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This is a toolbox for spm8, allowing you to assess the lateralization of activation in functional MRI (although any image volume can be evaluated), as described by Wilke & Lidzba (2007) and Wilke & Schmithorst (2006). Several different algorithms have been implemented. It can be called from the spm8 toolbox menu as well as from the command line and now also allows generating jobs from within the spm8 batch editor. It requires Matlab and spm8.



This is a toolbox for spm8, allowing you to semi-automatically assess a structural MR-image with regard to the presence of brain lesions, using a "clusterize" algorithm as described by Clas et al. (2011). Several different options allow assessing T1, T2, or FLAIR images. It can be called from the spm8 toolbox menu. It requires Matlab and spm8 or 12. In its newest (beta) Implementation, contained in the download, it now also allows assessing CT images as described in de Haan et al. (2015).


Motion fingerprint

This is a function for spm8 or spm12, allowing you to automatically assess the effects of motion in an fMRI timeseries, as described by Wilke (Neuroimage 2012) and Wilke (PLoS 2014). Several different options allow generating a more comprehensive indicator of motion (combining translation and rotation) as well as generating a motion mask and a "motion fingerprint". This fingerprint characterizes the effects of motion in an individual timeseries and can then be used in ensuing statistical analyses. It can be used interactively, can easily be scripted for command line usage, and now finally also features full spm12 batch integration. It requires Matlab and spm8 or spm12.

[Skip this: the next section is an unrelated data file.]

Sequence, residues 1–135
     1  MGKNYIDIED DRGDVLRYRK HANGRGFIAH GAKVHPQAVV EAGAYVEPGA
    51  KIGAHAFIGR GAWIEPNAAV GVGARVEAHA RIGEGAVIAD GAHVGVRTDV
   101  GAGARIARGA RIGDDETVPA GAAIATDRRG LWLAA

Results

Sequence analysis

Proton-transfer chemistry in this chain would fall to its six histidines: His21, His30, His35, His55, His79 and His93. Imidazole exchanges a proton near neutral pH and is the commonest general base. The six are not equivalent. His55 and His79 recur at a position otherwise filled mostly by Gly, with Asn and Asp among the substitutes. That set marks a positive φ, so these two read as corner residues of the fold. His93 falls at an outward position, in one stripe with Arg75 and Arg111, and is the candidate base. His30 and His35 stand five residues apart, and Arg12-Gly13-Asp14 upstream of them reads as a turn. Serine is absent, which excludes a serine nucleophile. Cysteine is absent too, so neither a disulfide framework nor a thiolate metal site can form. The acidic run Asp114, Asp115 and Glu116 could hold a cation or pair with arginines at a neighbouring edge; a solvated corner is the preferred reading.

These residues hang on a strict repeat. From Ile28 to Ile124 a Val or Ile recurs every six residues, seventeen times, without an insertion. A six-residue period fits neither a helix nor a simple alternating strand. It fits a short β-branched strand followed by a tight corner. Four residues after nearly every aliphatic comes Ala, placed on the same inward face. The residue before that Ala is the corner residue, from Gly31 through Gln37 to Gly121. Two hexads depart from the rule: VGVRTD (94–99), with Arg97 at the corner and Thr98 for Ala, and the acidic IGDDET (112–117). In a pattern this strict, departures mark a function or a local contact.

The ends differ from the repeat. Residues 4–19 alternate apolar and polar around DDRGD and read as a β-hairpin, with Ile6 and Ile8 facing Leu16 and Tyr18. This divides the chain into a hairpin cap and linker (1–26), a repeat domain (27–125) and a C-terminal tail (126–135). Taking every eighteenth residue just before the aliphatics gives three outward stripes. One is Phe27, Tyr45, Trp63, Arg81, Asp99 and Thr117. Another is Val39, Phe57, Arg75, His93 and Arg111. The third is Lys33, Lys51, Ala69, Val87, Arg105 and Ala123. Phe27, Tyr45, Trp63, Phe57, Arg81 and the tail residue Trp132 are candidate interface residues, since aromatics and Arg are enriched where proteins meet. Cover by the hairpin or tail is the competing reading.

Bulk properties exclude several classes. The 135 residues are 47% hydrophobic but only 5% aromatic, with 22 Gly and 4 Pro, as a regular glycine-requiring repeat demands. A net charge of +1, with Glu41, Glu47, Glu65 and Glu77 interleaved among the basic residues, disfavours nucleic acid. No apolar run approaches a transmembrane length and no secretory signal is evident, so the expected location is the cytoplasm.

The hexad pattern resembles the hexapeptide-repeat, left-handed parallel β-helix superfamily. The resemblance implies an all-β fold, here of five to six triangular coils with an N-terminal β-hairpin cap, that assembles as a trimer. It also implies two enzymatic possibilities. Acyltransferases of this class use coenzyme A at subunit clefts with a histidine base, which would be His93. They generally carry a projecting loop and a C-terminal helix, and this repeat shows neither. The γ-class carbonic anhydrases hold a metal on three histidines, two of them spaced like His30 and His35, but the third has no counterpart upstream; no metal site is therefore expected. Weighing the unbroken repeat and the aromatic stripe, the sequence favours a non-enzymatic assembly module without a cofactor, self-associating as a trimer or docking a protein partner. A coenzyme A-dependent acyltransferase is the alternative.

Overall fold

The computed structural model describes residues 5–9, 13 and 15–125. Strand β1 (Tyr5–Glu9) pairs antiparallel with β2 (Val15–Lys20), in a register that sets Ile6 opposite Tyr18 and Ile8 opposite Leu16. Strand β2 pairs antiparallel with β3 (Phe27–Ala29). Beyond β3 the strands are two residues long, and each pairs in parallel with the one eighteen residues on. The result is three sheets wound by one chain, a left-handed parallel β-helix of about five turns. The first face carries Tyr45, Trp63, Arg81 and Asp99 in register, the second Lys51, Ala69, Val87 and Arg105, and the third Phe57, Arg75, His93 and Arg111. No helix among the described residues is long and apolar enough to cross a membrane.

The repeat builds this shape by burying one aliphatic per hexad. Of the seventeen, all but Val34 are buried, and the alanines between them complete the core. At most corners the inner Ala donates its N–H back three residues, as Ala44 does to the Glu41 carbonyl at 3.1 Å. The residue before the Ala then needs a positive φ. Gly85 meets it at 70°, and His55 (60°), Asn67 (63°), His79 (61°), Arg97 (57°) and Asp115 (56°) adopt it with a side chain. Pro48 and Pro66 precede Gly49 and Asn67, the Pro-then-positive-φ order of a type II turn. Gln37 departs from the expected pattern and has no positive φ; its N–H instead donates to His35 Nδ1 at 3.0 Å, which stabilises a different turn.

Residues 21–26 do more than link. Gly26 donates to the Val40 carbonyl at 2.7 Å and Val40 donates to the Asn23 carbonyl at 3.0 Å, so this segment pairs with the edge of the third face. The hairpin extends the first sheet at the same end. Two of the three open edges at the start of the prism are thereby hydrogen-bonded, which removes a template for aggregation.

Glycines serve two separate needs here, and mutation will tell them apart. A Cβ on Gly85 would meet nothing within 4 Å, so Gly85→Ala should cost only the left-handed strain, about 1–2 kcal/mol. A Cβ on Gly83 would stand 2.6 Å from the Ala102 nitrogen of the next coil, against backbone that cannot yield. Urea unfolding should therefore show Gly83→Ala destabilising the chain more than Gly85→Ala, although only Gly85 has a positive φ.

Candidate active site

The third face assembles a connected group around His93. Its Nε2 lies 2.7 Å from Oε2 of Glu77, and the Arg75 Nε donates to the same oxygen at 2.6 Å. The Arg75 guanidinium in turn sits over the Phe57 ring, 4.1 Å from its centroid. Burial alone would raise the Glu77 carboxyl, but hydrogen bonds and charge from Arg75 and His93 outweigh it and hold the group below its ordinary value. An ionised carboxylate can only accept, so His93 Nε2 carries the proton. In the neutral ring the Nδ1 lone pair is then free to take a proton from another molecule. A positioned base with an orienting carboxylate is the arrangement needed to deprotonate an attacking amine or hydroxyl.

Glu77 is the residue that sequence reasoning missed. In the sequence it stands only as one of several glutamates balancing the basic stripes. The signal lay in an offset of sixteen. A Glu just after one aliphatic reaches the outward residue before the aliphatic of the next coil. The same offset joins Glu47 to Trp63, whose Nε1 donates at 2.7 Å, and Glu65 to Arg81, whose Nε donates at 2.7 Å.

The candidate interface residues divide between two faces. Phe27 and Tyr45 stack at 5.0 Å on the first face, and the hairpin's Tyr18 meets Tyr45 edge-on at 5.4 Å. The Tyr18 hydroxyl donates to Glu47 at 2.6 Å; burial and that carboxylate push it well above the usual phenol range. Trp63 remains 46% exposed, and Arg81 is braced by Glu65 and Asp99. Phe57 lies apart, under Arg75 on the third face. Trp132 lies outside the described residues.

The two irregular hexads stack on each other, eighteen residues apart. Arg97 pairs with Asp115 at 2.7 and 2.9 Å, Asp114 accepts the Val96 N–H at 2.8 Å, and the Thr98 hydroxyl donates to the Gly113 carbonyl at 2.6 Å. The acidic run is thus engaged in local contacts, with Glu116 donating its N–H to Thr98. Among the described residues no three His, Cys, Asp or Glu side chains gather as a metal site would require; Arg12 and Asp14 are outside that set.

CerebroMatic Toolbox

This is a toolbox for spm12 that allows you to generate matched tissue probability maps (and potentially T1's) for tissue segmentation and spatial normalization. They are based on statistically-generated regression parameters from a large sample of healthy infants, children, and adults. Extending the approach of the Template-O-Matic toolbox, the CerebroMatic now uses a more flexible statistical approach, namely multivariate adaptive regression splines. More details can be found in Wilke et al., 2017. It requires Matlab and spm12, as well as the AresLab toolbox (available here).


More Software

We have also contributed to the Template-O-Matic toolbox for spm8, a toolbox for generating custom templates employing the general linear model, as described by Wilke et al. (2008). This software is hosted by the Imaging Research Center and can be found here.

Software previously developed by Dr. Broser can be found here.